The mites can live from several days to 3 weeks detached from the host. Because of this, depopulating a house to get rid of the mite problem should include a down time of at least a month.
(2c) Depluming Mite
Another specie of mites that can cause problems is the Depluming or Feather Mite. Contrary to some reports this mite does not chew on the feather and make them fall out.
Instead, the mite burrows into the skin at the base of the feather and irritates it, so the bird pulls the feather out in an attempt to eliminate the irritation.
(2d) Scaly Leg Mite
This specie lives under the scales on the legs and feet of birds. Because it lives under the scales, the mite causes itching and irritation, also causing the scales to appear pushed up or thicker. Sometimes a crusty appearance can be seen on the feet and legs.
Older birds seem to be more likely candidates for this insect. Many years ago, producers treated birds with these characteristics by standing them in a container of kerosene for a few minutes. The kerosene seemed to do two things.
First, it had enough oil in it to seal off the air and the insects would not survive and secondly, the oil also helped soften the crusty scales, so they could be eliminated and replaced.
An alternative to kerosene is baby oil or something similar that acts in the same manner. The legs and feet can also be treated with an approved insecticide, and then rubbed with oil.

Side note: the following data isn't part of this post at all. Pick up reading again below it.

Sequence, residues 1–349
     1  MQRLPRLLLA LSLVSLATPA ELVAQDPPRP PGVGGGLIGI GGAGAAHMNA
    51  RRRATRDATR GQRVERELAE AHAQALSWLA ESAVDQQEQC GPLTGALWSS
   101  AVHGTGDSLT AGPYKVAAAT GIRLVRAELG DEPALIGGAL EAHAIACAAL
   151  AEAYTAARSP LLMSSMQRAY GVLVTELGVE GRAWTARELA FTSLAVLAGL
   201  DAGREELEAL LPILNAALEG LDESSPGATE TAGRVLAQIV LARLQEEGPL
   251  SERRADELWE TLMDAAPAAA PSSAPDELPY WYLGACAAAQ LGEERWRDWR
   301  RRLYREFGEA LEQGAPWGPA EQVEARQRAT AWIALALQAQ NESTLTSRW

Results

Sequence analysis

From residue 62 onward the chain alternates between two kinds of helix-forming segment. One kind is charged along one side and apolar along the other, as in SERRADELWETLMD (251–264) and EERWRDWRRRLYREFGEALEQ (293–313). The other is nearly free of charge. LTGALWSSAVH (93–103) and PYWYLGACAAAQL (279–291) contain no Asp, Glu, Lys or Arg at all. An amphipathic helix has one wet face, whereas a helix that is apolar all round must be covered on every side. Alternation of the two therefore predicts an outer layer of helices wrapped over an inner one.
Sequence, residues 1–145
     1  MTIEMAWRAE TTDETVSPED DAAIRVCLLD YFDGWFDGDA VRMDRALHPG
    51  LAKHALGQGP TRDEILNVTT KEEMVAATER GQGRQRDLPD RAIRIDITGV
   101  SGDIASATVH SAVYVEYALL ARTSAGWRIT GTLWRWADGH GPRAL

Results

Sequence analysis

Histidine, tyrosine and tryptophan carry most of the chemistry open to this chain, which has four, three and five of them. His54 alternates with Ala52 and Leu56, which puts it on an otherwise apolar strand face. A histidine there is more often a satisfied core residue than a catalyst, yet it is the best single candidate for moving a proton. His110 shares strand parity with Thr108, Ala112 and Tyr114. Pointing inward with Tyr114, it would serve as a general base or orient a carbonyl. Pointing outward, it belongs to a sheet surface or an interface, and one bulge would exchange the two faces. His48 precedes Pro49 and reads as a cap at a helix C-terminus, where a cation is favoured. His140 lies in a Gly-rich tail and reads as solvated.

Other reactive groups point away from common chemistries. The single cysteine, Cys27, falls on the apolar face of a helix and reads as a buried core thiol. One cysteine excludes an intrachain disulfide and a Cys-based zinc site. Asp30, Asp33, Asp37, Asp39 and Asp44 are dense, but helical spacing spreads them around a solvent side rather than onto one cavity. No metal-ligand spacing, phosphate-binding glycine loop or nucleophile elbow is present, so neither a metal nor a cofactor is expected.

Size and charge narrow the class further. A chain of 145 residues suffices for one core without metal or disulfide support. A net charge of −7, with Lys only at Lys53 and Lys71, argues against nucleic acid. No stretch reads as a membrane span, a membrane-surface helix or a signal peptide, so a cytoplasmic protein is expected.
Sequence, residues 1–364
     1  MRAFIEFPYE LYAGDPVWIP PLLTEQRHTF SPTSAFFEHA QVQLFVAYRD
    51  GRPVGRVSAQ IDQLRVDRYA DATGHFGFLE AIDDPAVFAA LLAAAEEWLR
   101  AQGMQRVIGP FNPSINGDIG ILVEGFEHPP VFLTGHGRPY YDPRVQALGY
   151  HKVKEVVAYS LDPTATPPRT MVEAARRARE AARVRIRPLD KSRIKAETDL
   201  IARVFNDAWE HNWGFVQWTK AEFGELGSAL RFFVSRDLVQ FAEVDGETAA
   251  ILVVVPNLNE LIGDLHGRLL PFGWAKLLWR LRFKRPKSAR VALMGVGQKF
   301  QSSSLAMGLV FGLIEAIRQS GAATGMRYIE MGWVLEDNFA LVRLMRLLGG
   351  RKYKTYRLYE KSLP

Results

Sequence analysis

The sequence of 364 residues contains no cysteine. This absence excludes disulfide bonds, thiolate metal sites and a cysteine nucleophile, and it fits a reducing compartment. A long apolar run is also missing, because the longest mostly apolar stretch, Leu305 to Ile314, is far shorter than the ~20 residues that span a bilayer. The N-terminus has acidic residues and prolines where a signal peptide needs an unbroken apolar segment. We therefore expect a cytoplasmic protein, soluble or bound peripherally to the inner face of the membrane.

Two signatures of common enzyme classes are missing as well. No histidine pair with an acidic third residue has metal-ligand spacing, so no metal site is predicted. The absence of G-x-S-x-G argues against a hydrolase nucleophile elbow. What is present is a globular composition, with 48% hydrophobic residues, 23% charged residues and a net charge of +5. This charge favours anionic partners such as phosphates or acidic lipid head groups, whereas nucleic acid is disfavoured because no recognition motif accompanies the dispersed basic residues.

The chiggers that cause problems with poultry are the same ones that cause similar problems with people. It is a specie of mite that is non-specific to a host.
The irritations, whelps, and inflammations are the result of the insect attaching itself to the skin. If birds have multiple lesions they may become irritable, droopy, and will not eat.
If birds are to be slaughtered the lesions will result in downgrades or condemnations. Chiggers are normally found on grass and weeds and may be a problem if birds are allowed to range in areas with tall vegetation.
Chigger problems can be reduced if the vegetation is sprayed with an approved insecticide. Malathion dust or spray is an example. With any insecticide the label directions on mixing, application, and restrictions should always be followed.
Ticks are uncommon problem but sometimes occur in warm and dry climates. They cause loss of blood, low egg production and carriers of several germs. Ticks bite may cause paralysis of legs and wings.
It is easy to recognize being about 1/3 – 1/4inch long, having a flat egg shaped body and reddish brown color. Young birds suffer greatest damage from ticks.
Symptoms of Mites and Lice
- Skin irritation and restlessness in birds
- Darkened or dirty feather appearance
- Drop in egg production
- Pale comb and wattle
- Visual – scabs or mites present around the vent, the breast, under wings and scaly legs
- Large numbers can cause deaths
- Feather damage and loss due to itching and irritation
- Dull appearance
- Often found around the vent area
- Mass of lice eggs at the base of the feather shaft
Impacts on Chcikens / Poultry Birds
Red mite may transmit other poultry diseases such as fowl cholera. The skin irritation of birds may also possibly lead to feather pecking. In severe mite infestations, egg production is reduced and birds will suffer from anaemia.
Skin irritations caused by heavy infestations of lice may be the source of secondary infections.